I heard a terribly depressing thing from one of my clients yesterday:

We don’t have time for the luxury of play

It’s a sentiment that I hear in one way or another from many of the organisations with which I work. That the Calvinist ethic of hard work has lead to a focus on efficiency above all else in so many businesses. But efficiency is measured solely in terms of easy metrics – mostly cash. “Let’s use space more efficiently!” (Let’s pay less rent by losing desks.) “Let’s use talent more efficiently!” (Let’s have fewer people doing the same amount of work.)

Relentlessly tapping away at any fat in a system is a recipe for disaster. Running a machine at absolute peak capacity for long periods will cause it to fail (peak capacity is always greater than the maximum recommended capacity – yes you can run it faster. Just don’t.)

But knowledge and people-based organisations aren’t machines. The relentless use of Taylorism to streamline knowledge working through the deployment of information technology doesn’t scale in the ways that manufacturing processes did. We have reach a point of zero gain when it comes to returns in productivity on the basis of investment in technology. And we’ve been there for some time. I’m not sure we even know what productivity is in a knowledge and people-based organisation. These places, when run deterministically, are very good at producing worthless outputs (yes – that PowerPoint; those meetings).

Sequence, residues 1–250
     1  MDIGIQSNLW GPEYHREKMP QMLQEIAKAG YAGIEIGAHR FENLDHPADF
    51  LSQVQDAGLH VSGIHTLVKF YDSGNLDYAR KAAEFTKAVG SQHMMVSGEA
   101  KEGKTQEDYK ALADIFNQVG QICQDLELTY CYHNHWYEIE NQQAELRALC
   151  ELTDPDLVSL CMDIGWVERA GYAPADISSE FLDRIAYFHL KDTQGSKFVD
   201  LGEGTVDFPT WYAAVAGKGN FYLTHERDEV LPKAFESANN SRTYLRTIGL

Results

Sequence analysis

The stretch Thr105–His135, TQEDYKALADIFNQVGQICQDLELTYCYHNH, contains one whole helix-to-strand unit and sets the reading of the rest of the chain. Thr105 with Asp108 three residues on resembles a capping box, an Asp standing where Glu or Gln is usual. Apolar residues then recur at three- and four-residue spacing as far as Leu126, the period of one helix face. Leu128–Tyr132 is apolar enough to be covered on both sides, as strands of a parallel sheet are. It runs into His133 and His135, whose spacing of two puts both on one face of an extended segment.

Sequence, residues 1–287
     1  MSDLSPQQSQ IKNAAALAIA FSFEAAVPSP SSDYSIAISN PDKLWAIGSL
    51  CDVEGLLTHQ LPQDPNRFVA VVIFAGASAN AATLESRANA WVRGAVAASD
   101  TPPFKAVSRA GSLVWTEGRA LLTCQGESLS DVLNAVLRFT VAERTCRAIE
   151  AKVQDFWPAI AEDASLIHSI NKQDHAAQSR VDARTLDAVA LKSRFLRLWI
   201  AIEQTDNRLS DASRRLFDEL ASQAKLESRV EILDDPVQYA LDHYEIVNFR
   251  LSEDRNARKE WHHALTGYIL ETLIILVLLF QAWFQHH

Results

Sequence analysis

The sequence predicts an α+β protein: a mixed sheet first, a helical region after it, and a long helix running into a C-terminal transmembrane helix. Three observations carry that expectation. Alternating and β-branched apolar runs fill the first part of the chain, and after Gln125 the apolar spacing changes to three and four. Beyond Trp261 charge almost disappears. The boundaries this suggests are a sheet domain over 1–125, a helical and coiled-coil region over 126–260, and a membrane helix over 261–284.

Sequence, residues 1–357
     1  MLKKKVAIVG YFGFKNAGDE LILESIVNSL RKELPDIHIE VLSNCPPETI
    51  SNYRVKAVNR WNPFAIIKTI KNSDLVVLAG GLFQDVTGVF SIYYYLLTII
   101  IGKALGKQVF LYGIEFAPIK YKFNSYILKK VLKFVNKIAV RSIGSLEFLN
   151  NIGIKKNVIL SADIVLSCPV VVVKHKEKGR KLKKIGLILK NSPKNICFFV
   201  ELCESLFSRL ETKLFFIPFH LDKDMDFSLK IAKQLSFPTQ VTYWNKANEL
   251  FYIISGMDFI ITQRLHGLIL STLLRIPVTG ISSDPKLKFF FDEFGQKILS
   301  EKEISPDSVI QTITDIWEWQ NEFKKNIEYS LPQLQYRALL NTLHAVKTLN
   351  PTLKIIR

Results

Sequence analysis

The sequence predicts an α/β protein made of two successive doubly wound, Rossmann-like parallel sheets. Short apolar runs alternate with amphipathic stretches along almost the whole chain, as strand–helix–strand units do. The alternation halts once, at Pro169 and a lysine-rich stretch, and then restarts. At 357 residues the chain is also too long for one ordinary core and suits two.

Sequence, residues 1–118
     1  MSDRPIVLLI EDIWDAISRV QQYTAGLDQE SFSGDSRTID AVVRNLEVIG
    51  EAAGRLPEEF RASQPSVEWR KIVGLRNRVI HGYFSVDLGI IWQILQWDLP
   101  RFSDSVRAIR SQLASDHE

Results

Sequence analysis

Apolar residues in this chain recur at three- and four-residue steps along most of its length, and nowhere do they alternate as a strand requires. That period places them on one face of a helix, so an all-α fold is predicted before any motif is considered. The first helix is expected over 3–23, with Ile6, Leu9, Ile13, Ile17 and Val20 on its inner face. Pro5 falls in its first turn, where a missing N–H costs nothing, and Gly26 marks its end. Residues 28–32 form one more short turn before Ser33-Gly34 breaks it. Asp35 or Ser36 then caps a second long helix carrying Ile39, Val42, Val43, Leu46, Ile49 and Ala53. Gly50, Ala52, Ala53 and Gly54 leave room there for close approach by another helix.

“We don’t have time for the luxury of play.”

It’s because we’re too busy working ineffectively, with no time to investigate alternatives, to adapt to the opportunities that new technology might proffer to enable us to work more effectively, more creatively, more enjoyably. We are caught in the firefighting trap: too busy extinguishing fires to prevent new ones.

No organisation can be too busy to have time to play. Because experimentation, tinkering, play is how we make organisations better. If you run a machine at peak capacity for long periods it will fail. If you exercise an organism at peak capacity for long periods it will die.

Leave a Reply

Fill in your details below or click an icon to log in:

WordPress.com Logo

You are commenting using your WordPress.com account. Log Out /  Change )

Twitter picture

You are commenting using your Twitter account. Log Out /  Change )

Facebook photo

You are commenting using your Facebook account. Log Out /  Change )

Connecting to %s

This site uses Akismet to reduce spam. Learn how your comment data is processed.